What is the Difference between Knowing and Understanding?

I recently read a discussion on LinkedIn about this question and it reminded me of why the arts are so important to preparing children for their future.

Knowing in its traditional North American definition, means being familiar with something. Having the facts in your mind. You know how to drive a car, but do you understand how the car works? You know your husband, but do you understand him?

Understanding involves connecting the facts with a context and grasping how, when and why something exists or occurs. I think most of us know more than we understand. There are also, of course, things we will never fully understand.

One of Einstein’s jewels of wisdom was that, “Any fool can know. The point is to understand.” 
Knowing is just the beginning, and understanding is the end goal.

How do we promote understanding?

I believe we understand through experience. There are some things you cannot understand until you experience them. For example, when I studied statistics in University, I practiced using formulas and interpreting results with random sets of data. However, it was not until I collected my own data and had to use the formulas to interpret what the data meant, that I began to understand how these formulas worked. As part of my thesis I had to write an explanation and do a presentation about the wider implications of my results.

Because the data was something I cared about and had worked hard to collect, I began to see the power that statistics had to change the way we see the world. Before this, I had seen statistics as something very boring that I was forced to take in school. If I had not experienced the practical implementation of statistics, I would have never gained an understanding of how important they are.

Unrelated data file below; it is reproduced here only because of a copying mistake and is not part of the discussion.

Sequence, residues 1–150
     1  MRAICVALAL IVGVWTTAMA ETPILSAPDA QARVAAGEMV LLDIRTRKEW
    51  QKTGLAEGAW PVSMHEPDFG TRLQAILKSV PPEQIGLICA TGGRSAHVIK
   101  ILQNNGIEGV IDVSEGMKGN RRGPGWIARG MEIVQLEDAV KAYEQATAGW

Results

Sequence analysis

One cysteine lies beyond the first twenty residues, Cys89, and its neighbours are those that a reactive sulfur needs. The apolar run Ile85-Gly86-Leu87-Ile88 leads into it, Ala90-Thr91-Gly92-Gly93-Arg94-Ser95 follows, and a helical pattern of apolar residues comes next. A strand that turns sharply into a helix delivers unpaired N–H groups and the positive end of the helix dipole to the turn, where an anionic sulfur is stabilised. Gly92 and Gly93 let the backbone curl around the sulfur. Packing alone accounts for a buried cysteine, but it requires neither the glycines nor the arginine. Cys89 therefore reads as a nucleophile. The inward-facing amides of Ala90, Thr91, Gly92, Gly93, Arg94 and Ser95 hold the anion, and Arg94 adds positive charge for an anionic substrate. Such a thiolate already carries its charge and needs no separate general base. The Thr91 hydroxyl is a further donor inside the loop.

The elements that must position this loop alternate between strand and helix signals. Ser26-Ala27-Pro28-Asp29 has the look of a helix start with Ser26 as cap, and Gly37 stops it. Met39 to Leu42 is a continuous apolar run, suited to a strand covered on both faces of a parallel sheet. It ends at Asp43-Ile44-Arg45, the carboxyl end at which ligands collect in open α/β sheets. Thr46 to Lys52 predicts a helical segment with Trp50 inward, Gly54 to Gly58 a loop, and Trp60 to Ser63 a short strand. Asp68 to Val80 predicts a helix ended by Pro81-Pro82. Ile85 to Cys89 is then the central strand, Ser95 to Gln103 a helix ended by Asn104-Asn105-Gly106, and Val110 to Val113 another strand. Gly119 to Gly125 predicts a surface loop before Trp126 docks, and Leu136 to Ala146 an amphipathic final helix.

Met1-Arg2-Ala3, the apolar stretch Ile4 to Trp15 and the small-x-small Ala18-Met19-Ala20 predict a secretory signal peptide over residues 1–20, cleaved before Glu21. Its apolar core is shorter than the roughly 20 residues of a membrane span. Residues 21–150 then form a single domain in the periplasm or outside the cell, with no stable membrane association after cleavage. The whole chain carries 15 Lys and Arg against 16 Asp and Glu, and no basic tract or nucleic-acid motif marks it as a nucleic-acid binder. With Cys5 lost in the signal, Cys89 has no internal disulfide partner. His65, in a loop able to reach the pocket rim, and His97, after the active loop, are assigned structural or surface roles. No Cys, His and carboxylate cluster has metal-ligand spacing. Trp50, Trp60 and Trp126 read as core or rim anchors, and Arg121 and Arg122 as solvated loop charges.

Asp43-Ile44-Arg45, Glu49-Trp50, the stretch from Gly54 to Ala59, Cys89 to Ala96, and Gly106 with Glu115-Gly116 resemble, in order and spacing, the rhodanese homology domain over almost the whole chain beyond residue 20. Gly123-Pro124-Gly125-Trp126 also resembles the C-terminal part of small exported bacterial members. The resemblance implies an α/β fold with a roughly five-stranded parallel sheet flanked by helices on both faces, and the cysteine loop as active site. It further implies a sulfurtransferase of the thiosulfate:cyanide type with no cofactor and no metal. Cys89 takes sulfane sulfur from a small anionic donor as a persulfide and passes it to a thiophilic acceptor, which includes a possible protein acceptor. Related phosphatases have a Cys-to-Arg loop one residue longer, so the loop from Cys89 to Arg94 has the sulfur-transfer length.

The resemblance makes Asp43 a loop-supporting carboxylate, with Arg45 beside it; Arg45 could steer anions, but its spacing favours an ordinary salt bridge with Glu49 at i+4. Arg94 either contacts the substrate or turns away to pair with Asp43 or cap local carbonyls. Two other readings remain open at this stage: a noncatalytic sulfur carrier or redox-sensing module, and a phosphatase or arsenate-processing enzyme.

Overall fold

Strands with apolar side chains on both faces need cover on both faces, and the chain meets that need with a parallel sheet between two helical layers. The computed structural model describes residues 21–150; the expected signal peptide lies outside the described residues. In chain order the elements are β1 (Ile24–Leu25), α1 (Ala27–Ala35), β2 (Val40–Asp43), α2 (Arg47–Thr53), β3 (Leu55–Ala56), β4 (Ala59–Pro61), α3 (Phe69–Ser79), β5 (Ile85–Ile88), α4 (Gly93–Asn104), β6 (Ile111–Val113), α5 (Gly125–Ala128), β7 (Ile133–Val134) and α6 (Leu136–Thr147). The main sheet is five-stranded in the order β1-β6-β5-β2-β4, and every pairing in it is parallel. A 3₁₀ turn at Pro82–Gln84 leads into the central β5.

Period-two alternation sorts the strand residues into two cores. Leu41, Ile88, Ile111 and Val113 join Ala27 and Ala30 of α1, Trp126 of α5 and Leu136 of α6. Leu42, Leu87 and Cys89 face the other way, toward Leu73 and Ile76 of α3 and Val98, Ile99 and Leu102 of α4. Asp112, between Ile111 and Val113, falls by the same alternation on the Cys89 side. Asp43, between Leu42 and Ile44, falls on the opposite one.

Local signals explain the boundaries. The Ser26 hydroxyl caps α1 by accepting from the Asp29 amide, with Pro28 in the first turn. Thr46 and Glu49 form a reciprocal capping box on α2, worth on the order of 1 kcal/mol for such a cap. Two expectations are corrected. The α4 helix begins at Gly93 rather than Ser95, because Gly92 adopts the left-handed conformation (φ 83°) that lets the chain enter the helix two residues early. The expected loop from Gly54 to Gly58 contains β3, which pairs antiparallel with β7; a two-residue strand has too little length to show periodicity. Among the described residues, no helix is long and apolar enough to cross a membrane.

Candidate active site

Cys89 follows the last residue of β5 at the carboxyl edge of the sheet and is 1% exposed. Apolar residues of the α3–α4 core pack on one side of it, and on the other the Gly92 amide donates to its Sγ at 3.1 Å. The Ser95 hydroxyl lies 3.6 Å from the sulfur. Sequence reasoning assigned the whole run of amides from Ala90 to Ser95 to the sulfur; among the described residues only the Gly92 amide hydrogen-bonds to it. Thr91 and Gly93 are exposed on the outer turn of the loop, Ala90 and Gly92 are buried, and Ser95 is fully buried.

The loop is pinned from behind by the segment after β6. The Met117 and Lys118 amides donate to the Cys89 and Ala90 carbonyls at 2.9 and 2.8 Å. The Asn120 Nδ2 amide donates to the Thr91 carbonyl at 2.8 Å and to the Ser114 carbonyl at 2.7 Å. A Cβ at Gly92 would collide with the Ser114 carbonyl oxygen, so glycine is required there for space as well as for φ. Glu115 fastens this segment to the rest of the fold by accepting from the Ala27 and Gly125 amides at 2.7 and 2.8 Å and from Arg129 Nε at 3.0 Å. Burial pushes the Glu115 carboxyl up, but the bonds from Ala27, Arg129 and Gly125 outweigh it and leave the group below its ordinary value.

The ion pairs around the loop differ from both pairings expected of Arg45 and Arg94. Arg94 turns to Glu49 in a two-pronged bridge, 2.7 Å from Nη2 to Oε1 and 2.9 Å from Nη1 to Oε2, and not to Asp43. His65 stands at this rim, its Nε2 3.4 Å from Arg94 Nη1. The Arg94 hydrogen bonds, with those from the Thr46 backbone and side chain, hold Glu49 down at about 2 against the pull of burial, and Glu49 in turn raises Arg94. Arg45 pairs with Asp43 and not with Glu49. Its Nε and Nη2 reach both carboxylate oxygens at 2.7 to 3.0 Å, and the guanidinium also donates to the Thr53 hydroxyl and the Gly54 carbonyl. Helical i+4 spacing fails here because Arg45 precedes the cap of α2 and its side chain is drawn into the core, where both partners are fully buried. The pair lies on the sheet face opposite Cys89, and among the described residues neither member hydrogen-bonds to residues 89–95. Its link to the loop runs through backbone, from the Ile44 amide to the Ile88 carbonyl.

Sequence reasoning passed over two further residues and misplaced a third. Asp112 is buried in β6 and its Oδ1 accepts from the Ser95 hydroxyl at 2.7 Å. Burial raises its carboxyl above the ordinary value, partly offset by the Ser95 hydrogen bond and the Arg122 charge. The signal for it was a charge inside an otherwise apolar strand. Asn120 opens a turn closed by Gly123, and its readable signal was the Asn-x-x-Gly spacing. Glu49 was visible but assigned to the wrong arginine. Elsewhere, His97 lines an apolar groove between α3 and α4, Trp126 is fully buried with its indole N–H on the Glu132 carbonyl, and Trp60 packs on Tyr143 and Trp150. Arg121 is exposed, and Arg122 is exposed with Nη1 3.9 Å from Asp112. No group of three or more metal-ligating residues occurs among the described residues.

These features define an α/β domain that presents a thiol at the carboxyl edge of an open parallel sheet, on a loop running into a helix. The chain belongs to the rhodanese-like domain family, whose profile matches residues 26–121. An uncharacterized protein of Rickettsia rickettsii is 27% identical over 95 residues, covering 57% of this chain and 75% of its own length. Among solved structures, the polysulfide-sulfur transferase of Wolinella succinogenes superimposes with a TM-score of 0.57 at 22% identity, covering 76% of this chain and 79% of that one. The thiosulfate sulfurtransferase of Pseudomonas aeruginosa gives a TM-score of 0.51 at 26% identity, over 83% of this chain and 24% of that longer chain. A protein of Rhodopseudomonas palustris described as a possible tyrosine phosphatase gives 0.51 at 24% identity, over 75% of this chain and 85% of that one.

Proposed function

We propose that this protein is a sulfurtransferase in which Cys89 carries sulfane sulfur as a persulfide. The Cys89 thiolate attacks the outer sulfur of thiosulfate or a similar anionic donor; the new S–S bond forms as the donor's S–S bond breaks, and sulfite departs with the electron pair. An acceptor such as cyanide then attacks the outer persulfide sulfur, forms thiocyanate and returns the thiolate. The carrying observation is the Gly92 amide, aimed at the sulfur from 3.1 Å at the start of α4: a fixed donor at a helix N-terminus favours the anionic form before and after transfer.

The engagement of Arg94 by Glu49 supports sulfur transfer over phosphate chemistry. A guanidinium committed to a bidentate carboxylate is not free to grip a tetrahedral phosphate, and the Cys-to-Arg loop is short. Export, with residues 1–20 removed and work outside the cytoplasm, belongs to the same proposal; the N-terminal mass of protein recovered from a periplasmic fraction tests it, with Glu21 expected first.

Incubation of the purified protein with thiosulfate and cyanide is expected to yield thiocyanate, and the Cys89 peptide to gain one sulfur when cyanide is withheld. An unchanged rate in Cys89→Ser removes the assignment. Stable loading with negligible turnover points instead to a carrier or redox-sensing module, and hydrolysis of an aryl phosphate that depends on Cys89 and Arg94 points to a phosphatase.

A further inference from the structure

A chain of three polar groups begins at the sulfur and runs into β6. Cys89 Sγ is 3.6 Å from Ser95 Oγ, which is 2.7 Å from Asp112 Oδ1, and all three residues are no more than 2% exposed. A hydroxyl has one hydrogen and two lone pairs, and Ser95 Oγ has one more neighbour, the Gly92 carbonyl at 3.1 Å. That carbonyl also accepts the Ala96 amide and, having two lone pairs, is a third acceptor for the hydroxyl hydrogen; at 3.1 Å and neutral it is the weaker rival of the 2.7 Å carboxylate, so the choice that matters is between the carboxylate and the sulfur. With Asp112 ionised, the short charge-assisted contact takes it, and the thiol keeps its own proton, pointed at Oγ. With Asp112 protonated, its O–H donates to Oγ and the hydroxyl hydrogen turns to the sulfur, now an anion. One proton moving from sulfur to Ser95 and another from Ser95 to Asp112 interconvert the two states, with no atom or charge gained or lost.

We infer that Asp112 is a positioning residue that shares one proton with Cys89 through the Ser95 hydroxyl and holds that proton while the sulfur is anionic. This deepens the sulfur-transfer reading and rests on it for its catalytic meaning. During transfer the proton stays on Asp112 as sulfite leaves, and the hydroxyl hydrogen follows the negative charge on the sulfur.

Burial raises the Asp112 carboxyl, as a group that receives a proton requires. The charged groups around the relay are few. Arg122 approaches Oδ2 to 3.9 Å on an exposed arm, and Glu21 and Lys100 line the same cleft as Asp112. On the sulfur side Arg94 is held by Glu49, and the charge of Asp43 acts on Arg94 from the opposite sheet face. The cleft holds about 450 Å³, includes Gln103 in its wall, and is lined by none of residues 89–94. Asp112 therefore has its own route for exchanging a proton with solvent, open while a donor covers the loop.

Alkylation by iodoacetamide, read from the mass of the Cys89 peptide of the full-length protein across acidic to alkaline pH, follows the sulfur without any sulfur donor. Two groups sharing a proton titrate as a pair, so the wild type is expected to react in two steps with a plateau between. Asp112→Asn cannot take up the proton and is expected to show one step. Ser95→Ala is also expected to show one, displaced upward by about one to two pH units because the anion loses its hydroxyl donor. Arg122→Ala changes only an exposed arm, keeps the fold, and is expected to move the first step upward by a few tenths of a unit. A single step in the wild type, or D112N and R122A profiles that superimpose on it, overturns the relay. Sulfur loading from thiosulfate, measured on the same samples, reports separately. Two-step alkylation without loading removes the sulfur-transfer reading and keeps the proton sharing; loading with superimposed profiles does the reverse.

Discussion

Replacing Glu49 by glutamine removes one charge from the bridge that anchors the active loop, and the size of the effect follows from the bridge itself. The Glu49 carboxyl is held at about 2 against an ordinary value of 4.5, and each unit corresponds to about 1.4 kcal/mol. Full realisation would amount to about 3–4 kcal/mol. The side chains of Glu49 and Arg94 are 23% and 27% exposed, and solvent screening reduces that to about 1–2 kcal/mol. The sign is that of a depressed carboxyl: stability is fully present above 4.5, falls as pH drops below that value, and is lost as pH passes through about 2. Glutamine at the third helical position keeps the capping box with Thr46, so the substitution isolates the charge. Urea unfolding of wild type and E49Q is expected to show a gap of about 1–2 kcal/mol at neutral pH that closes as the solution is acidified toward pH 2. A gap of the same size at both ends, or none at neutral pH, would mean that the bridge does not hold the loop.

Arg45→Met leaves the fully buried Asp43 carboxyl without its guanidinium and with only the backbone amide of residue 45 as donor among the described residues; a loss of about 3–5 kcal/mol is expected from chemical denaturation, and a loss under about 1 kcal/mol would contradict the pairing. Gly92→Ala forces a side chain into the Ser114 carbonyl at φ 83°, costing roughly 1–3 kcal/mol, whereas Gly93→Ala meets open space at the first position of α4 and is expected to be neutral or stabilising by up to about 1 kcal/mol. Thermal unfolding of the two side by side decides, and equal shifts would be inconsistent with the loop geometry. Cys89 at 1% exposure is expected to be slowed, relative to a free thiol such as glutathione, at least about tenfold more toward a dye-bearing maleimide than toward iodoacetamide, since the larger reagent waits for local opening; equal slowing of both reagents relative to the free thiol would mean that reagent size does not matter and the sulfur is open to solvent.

Art and Experience

Arts education, although it may not be traditionally defined as experiential education, fits the definition very well. When you are engaging in arts education you are learning by doing. Experience with the facts helps to cultivate understanding. You are increasing your understanding of the way things work by engaging with ideas and materials in many different ways.

Arts education encourages understanding by encouraging experimentation and trial and error. This process encourages children to take what they know and ask, “what does that mean?” “why?” and “how do we communicate the facts to our audience?”

Designing a Stage Set

Let us take, for example, a set design project. As a group of young people begin this project they already know how to paint and they know that their sets will create a mood for the show, but it is through the process of creating the set, that they begin to understand how choices of colour and brush stroke change the feeling of the set and how the set interacts with what is happening on the stage.